Chirlane McCray, wife of newly elected New York City mayor Bill de Blasio, at his election night party on Nov. 5, 2013
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Fadwa Mutasser is thrilled about New York City’s incoming first lady, Chirlane McCray.

“For once,” she told The Root at a postelection party last month, “someone who is the face of New York City” will reside in Gracie Mansion. McCray’s family, she exclaimed, “are what we actually look like!”


And, indeed, on Nov. 5, New York welcomed not only Mayor-elect Bill de Blasio but also a new first lady in McCray, who is the city’s first first lady in more than a decade. She’s anything but a stereotypical political wife, and she helped bolster her husband’s racially and economically diverse campaign strategy in the primary and general election.

“She has always been very involved in social and conscious issues,” New York Rep. Gregory Meeks said, between shaking hands during the de Blasio celebration in Brooklyn.

“She’s going to raise the consciousness of many New Yorkers on the needs of children, working families and women,” Meeks added. “She’s been a leader in that area long before Bill de Blasio ran for mayor. She’s going to be a great first lady.”

Now New Yorkers are wondering as much about what her priorities will be as they are the new mayor’s.


Raised in New England, McCray says that hers was often the only black family in Longmeadow, Mass., and she felt set apart from her classmates. After attending Wellesley College, she began working as a journalist in New York City and penned an Essence magazine essay entitled “I Am a Lesbian,” sharing her sexuality at a time when society wasn’t especially open to the LGBT (lesbian, gay, bisexual and transgender) community.

Then, while working at City Hall as a speechwriter and organizer for the likes of Mayor David Dinkins, she met de Blasio. He was, she says, handsome and persistent, and she agreed to go out with him. Now the couple have been married 22 years and have two children: Dante, the teen with the famous Afro, and Chiara, an undergraduate in Northern California with the famous flower headband.


McCray told The Root, “One of the reasons I was attracted to Bill in the first place is because he is very in tune with the minority voters [that are the majority now] and appreciative of the wonderful, ethnic mix that is New York City.”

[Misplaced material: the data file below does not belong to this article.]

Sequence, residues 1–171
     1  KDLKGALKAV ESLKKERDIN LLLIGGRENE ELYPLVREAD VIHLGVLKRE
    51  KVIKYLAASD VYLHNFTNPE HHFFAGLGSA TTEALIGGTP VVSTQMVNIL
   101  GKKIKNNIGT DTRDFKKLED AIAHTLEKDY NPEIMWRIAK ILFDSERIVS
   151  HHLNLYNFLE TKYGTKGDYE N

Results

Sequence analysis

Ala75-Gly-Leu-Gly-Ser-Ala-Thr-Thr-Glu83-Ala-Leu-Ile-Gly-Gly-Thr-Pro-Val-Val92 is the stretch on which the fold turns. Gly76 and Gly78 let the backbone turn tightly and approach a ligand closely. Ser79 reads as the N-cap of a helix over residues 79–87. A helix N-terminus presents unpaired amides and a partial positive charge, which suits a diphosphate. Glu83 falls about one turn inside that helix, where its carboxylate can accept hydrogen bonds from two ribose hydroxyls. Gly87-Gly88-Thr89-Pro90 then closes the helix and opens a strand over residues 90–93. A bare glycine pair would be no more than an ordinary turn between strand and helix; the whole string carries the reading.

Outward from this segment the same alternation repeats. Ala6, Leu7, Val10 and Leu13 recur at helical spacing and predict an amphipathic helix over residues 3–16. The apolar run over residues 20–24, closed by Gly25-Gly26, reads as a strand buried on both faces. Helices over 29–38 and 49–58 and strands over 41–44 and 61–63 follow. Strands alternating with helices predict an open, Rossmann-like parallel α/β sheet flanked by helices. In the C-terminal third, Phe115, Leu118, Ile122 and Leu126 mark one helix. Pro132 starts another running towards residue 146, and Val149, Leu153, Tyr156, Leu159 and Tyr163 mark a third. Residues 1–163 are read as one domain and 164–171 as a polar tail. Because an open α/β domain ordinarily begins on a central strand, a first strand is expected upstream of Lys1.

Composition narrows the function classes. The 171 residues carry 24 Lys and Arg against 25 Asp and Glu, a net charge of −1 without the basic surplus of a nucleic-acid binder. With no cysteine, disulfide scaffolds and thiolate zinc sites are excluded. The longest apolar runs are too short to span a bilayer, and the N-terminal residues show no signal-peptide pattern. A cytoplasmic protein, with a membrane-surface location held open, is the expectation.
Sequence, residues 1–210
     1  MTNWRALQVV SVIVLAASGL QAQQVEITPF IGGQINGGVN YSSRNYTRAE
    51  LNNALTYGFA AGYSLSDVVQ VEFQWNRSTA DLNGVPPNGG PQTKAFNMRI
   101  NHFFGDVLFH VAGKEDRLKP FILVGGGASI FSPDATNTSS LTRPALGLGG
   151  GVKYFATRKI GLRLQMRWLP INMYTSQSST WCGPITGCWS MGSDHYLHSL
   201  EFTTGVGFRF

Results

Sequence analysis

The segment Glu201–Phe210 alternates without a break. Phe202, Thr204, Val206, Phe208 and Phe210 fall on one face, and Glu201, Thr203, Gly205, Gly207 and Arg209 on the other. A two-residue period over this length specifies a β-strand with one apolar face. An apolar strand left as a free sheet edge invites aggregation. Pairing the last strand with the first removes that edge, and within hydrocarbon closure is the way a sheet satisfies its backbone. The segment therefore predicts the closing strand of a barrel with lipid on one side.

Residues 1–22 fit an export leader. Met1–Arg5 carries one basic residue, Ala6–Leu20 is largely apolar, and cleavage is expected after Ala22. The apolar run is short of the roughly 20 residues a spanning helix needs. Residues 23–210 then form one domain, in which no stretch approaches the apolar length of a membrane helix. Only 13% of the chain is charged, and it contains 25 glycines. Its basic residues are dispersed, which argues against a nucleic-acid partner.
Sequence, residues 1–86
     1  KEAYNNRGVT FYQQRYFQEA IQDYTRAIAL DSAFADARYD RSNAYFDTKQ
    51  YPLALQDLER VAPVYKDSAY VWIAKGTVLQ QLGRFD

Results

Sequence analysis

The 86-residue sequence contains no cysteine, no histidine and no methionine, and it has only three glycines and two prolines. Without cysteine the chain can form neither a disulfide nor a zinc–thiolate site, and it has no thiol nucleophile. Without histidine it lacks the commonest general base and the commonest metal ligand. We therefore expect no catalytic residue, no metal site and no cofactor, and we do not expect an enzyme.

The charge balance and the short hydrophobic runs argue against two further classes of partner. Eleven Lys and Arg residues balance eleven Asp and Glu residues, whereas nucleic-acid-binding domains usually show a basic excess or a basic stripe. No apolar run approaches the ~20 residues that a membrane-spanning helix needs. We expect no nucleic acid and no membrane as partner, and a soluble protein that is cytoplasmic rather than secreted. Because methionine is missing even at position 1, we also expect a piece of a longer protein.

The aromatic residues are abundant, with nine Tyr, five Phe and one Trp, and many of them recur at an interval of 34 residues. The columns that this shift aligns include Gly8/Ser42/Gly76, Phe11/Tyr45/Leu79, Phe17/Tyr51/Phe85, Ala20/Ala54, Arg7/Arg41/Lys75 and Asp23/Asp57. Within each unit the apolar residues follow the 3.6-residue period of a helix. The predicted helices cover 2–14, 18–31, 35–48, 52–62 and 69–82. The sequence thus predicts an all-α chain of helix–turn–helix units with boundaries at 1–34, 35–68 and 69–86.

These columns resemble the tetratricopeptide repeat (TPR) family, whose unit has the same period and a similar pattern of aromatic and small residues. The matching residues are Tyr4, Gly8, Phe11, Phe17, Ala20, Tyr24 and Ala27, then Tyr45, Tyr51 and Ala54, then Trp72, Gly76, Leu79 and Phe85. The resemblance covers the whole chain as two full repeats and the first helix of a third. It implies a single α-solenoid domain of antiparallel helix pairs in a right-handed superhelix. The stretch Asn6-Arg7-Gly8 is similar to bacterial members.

Their interracial family became a trump card of sorts with minority voters, who responded favorably to a commercial featuring Dante explaining his father’s anti-stop-and-frisk position and how the practice had affected their family talks. Elsewhere, McCray’s down-to-earth charm and political background warmed other voters who began to feel that de Blasio understood their plight of constantly having to make ends meet in one of the world's most expensive cities.


“It is true that we have not seen families like ours reflected in mainstream media, but there are many like ours,” she said. “So many people have expressed their joy that, finally, they can see a family featured publicly that looks like their own. Our population census tells us that there are many families like the de Blasios and many more to come. I think we will see a voting population that is increasingly focused on the issues that matter, and fewer people voting solely because they share the ethnic identity of the candidate.”

On election night, 96 percent of black voters chose de Blasio. So what will McCray’s focus be as first lady of New York City?


“My parents drilled into me that education is the key to making a better life for oneself, and I believe that's true,” she said. “Without a good, quality education, it is difficult to secure a well-paying job, maintain good health or handle finances properly. Educating our youngest citizens is key to New York City’s prosperity. That's why Bill and I will be fighting for universal prekindergarten and after-school [programs] for middle school students.”

Issues aside, voters and politicians alike expect her to be a Hillary Clinton or Michelle Obama of sorts, standing at her husband’s side and steering him north when the waters of New York’s political landscape become murky. And although she has said that she won’t have an official role on the mayor-elect’s team, she agrees with her supporters.


“[Bill and I] have been sharing opinions and ideas for 22 years now,” she says. “I believe, going forward, that we’ll have even more to talk about!”

Hillary Crosley is the New York bureau chief at The Root. Follow her on Twitter.

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